Global warming threatens the future of the earth. Act now, before it is too late.

Update, September 2012:

The appeal below, now signed by 1150 citizens of 47 countries, is as valid today as when we posted it four years ago. In fact, it is more urgent than ever. The “much worse” we feared in our first paragraph is arriving.

We noted in our text of 2008 a warning from the International Energy Agency: that warming beyond an already dangerous 2°C could be unstoppable if CO2 emissions did not level off by 2012. Well, here we are in 2012. Emissions continue to climb; extremely hot weather has decimated the U.S. grain crop; earth scientists predict a century of drought; wildfires, similar to those in California and Greece a few years ago, have devastated large swathes of the American West; and torrential rains have caused flooding, death and evacuations from Southern Russia to heavily populated mega-cities of East Asia: Beijing, Shanghai and Manila. The end-of-summer Arctic sea ice melt was so extensive this year that scientists anticipate the melting of all Arctic sea ice by the summer of 2020 instead of in 2050, as predicted in the worst case scenario of the UN IPCC report of 2007.

Climate skepticism fed by big oil and coal interests is crumbling in the extreme weather, amid the increasing scientific certainty that climate change is behind it. But one climate summit after another fails to produce an international treaty to mitigate future damage.

Although we are a small organization, we can be a significant force for climate sanity. From our base in the Netherlands, we have outreach through our signatories to activists and committed Green parliamentarians in several countries as well as in the European Parliament.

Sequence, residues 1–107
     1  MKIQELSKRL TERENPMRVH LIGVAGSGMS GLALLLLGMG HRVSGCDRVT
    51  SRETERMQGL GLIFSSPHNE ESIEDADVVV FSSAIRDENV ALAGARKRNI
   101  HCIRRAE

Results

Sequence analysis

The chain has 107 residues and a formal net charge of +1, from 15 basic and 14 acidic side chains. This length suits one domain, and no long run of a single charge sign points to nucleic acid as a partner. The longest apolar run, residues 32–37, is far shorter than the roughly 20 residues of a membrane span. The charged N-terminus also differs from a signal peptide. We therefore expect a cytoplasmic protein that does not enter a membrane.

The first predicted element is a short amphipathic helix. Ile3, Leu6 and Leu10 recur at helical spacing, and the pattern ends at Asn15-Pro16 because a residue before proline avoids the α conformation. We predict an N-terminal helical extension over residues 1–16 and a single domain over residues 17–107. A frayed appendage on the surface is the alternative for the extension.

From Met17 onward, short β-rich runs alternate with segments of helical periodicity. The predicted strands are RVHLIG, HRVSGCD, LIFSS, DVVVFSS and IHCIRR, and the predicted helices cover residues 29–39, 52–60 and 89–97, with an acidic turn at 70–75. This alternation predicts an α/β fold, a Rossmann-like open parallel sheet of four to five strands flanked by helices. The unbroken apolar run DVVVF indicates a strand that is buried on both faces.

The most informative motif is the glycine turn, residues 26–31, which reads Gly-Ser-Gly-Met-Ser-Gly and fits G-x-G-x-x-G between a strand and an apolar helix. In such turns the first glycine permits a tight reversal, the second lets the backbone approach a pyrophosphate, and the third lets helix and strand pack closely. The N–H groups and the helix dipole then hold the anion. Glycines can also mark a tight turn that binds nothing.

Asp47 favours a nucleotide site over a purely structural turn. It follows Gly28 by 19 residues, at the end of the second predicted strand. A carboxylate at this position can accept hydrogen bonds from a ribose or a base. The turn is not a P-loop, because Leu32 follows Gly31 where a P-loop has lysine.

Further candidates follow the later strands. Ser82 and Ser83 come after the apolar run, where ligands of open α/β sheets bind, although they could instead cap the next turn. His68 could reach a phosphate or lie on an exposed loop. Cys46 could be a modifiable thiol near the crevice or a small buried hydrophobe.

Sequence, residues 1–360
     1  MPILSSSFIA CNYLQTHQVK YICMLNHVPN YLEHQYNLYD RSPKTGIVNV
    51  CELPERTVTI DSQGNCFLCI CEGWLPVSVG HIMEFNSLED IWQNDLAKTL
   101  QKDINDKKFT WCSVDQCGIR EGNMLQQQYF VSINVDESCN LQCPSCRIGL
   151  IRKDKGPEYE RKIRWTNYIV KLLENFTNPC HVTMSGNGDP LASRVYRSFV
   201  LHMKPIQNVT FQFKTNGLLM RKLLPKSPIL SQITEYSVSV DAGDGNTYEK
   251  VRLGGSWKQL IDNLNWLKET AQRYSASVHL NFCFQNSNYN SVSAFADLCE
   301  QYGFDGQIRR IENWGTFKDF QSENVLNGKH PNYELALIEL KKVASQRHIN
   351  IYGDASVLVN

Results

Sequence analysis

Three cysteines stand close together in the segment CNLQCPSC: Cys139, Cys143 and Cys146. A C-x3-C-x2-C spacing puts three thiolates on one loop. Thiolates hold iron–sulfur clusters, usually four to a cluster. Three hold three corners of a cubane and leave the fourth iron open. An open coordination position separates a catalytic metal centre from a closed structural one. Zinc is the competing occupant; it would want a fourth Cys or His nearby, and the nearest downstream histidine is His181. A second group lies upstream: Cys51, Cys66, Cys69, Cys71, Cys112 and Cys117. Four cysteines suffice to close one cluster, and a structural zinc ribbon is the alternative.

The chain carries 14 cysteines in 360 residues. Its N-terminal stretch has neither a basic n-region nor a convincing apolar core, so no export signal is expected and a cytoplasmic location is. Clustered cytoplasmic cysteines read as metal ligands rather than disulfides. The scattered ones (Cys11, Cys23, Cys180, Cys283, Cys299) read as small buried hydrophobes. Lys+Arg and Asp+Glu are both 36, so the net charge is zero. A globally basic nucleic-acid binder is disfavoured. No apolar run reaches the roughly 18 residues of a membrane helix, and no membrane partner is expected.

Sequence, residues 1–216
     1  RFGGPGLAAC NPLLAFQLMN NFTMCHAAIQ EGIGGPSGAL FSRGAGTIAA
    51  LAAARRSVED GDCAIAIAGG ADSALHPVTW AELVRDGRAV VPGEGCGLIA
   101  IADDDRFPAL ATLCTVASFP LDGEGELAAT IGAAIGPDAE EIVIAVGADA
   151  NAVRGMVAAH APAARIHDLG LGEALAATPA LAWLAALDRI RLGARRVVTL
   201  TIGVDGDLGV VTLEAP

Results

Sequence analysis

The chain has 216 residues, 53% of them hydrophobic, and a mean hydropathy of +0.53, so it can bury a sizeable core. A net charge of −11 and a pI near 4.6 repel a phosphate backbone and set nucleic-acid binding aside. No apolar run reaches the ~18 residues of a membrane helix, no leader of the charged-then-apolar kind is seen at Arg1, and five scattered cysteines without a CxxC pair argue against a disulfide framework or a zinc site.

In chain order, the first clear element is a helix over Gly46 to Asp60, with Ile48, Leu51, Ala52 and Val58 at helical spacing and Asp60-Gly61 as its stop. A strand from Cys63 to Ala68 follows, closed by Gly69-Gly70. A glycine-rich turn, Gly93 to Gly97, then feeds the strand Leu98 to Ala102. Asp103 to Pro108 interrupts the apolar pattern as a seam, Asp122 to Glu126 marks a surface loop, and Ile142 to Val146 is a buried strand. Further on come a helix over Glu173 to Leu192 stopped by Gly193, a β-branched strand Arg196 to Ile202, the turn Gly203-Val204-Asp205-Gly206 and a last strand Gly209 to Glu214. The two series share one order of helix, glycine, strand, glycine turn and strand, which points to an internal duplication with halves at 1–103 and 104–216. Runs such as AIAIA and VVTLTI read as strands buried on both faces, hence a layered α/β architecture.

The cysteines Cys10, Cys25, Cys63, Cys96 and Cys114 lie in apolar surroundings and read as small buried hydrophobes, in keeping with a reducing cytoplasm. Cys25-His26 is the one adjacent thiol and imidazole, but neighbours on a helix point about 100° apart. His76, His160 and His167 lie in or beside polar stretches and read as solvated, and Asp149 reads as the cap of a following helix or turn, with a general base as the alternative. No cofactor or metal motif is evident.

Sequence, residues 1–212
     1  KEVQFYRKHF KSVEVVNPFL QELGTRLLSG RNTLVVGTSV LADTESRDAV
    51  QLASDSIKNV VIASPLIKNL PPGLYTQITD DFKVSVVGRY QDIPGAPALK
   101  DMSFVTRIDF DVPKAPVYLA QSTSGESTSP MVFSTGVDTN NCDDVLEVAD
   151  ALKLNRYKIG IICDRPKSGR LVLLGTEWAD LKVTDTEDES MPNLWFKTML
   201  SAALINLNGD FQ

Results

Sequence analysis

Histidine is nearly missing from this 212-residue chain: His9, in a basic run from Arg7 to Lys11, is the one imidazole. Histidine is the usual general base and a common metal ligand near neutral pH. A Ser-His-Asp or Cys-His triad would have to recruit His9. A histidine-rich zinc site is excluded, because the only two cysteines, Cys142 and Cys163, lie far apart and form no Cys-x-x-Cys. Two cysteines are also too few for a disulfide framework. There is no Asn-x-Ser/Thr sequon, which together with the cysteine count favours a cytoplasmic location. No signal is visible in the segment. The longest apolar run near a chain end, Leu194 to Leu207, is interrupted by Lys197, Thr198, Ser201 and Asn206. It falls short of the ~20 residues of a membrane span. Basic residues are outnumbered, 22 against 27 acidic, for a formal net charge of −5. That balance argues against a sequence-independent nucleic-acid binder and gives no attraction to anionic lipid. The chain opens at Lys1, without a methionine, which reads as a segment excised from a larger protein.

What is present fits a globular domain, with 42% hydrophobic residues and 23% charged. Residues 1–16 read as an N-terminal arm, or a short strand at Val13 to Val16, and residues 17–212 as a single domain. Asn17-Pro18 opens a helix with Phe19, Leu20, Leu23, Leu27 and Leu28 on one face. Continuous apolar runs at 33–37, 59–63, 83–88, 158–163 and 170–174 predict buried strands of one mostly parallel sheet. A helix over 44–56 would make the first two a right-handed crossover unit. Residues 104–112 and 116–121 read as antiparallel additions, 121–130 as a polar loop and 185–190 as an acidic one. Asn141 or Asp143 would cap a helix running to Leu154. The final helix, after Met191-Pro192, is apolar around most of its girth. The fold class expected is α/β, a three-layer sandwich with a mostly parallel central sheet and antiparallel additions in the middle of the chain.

Apart from maintaining a useful file of climate news, opinion and documents, our aim is to work together with global climate lobbies and citizen organizations such as the Climate Action Network, Greenpeace, Friends of the Earth, WWF, and Avaaz, to alert the citizenry and move the governments to action.

Sign our Appeal, ask your friends to sign, and help us create a safe planet for future generations.

The Arctic melts, as does the Greenland ice shelf. California burns, as did the forests of Greece. The poor of Mozambique and Bangladesh drown, as did those of New Orleans. The farmers of central Africa, whose fields are turning into desert, are exposed to starvation, exile and war. Much worse may be coming. Scientists have warned that the deadline for reversing the steady increase in greenhouse gas emissions may be as early as 2012, if we are to avoid the planetary catastrophe of warming in excess of two degrees centigrade. But in December 2007, while the rain forests of Sumatra and the Amazon – the lungs of the earth – were being destroyed, representatives of 180 states conferred in Bali without result on the steps to be taken after 2012. A month later, comprehensive plans of the European Union to limit the damage were watered down after intense pressure from industrial lobbies fearful of their international competitive position.

A catastrophe is unfolding. It is already happening, it is accelerating and broadening. What can be done to avert it?

It's five minutes to twelve for stopping a warming catastrophe